Who has time to scrub their kitchen cabinets every day?
Or even every weekend? Most of us are too busy to do anything more than the most basic household chores. If we don’t care for our cabinets, however, grease and food can build up, giving them a dull appearance and a gummy texture. Don’t be intimidated if your cabinets have grease or food build-up. Removing this residue isn’t that difficult and shouldn’t take up too much of your time
When it comes to cleaning, sometimes the most effective products are those found in our kitchen pantries. For instance, baking soda doubles as a wonderful household cleaner and is very effective at removing grease and food spatters from your cabinets.
Just use two or three tablespoons of baking soda per cup of warm water and wipe using a sponge. Be sure to wring out your sponge before applying to the cabinet, as water can drip everywhere if you don’t. Rinse off the baking soda solution by sponging clean with cool, clean water. Use a paper towel or clean cloth to dry.
Another excellent home remedy is vinegar. Straight vinegar rubbed on from a cloth or sponge can clean away the grease and food build-up in no time. Keep in mind, however, that the smell may linger for a day or two, but it won’t last much longer than that. If your cabinets aren’t too dirty, you can dilute the vinegar in a little warm water.
A mild dishwashing liquid also works well for cleaning the front of the cabinets. A tablespoon or so in a cup of warm water should do the job just fine. For trickier bits of food that may be stuck, use a sponge with the green scrubbing pad. Try not to use a scrub brush, steel wool pad, or any type of abrasives as these will only scratch the surface of your cabinet.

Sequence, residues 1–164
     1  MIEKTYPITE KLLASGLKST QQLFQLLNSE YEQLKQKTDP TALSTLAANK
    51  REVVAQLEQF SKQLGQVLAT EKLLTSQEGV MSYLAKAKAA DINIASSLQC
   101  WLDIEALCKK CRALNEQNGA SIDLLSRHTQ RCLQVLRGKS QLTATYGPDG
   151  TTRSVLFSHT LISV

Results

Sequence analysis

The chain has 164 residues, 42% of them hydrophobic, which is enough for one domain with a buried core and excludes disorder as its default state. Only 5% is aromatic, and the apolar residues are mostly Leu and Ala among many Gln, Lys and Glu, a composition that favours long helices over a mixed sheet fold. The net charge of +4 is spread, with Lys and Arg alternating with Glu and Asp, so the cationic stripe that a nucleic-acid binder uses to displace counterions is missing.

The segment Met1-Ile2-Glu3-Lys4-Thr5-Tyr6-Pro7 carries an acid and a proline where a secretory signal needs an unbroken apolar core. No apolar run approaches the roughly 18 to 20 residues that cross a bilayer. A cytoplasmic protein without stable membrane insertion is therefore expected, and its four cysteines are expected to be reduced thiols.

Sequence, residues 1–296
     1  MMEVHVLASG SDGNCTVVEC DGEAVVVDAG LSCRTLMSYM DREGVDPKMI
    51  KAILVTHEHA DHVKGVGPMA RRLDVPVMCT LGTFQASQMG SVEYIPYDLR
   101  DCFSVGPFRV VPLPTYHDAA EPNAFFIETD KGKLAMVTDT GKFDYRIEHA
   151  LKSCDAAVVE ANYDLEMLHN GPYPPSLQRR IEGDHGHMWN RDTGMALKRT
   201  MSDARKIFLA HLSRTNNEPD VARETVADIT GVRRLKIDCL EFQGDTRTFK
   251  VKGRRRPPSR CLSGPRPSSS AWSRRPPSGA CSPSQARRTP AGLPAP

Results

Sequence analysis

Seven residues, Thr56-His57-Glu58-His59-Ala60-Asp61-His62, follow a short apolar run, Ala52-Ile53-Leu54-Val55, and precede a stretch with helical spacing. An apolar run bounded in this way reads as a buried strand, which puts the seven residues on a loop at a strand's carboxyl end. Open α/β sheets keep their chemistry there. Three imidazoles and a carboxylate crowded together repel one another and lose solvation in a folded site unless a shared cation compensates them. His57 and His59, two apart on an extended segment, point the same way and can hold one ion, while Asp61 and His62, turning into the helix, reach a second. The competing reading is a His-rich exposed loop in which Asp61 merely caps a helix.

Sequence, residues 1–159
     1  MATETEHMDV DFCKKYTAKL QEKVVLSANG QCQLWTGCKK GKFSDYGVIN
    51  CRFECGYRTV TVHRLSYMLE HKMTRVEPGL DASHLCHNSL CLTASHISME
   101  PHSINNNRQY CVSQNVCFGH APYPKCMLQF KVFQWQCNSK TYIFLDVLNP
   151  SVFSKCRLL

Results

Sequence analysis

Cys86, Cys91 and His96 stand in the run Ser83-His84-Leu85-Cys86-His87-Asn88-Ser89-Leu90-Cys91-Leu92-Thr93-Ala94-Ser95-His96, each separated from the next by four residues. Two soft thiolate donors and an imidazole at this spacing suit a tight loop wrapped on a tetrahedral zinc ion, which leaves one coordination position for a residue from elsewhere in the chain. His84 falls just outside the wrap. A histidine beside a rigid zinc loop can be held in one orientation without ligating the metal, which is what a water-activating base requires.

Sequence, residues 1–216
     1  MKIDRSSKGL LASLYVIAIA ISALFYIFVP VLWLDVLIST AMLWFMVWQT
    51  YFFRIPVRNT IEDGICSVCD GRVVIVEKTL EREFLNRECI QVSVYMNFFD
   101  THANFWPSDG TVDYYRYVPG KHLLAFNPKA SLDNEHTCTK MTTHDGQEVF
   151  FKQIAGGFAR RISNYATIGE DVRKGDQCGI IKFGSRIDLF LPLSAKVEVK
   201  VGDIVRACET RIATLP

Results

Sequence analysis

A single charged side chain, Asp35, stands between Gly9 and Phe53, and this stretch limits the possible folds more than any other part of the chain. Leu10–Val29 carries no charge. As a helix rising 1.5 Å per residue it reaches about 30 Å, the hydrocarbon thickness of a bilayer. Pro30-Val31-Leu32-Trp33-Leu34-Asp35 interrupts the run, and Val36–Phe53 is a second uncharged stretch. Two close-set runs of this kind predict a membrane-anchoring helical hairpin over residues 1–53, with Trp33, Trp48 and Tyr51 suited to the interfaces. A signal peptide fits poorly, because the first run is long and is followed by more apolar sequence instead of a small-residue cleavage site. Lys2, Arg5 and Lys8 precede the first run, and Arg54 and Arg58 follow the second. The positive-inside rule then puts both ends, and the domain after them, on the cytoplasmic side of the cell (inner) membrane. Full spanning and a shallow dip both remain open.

Scouring powder is damaging to cabinets as well. If you have a mild, all-purpose household detergent, this will work as well as the dishwashing liquid. A capful or two in a couple of cups of warm water is all you need. Before drying, sponge with cool, clear water to rinse.
If food is really stuck on, try scraping with a butter or putty knife, but be gentle. You don’t want to scratch your cabinet. If you have heavy dirt and grime that can’t be removed with ordinary household cleaners, you can try using paint thinner.
Test a hidden part of the cabinet first to make sure you won’t incur any damage. Pour the paint thinner onto a clean cloth or rag and rub until no more dirt can be removed. Common sense should prevail when using chemicals. Make sure the kitchen is well ventilated and never use around an open flame or even a pilot light.
For shiny wooden cabinets, an all purpose wood polish, such as those found in the supermarket, will polish the wood and bring out its natural beauty. Always check the label to make sure the spray is compatible with the wood finish of your cabinet and follow the manufacturer’s directions.
As you can see, cleaning your kitchen cabinets really isn’t a difficult job. In fact, if you go over them quickly once-a-month or so with mild detergent and some warm water, it should save your cabinets from the dirt and grease build-up that happens with months of neglect. A little basic maintenance will keep your kitchen cabinets looking new and will keep you from doing a lot of scrubbing.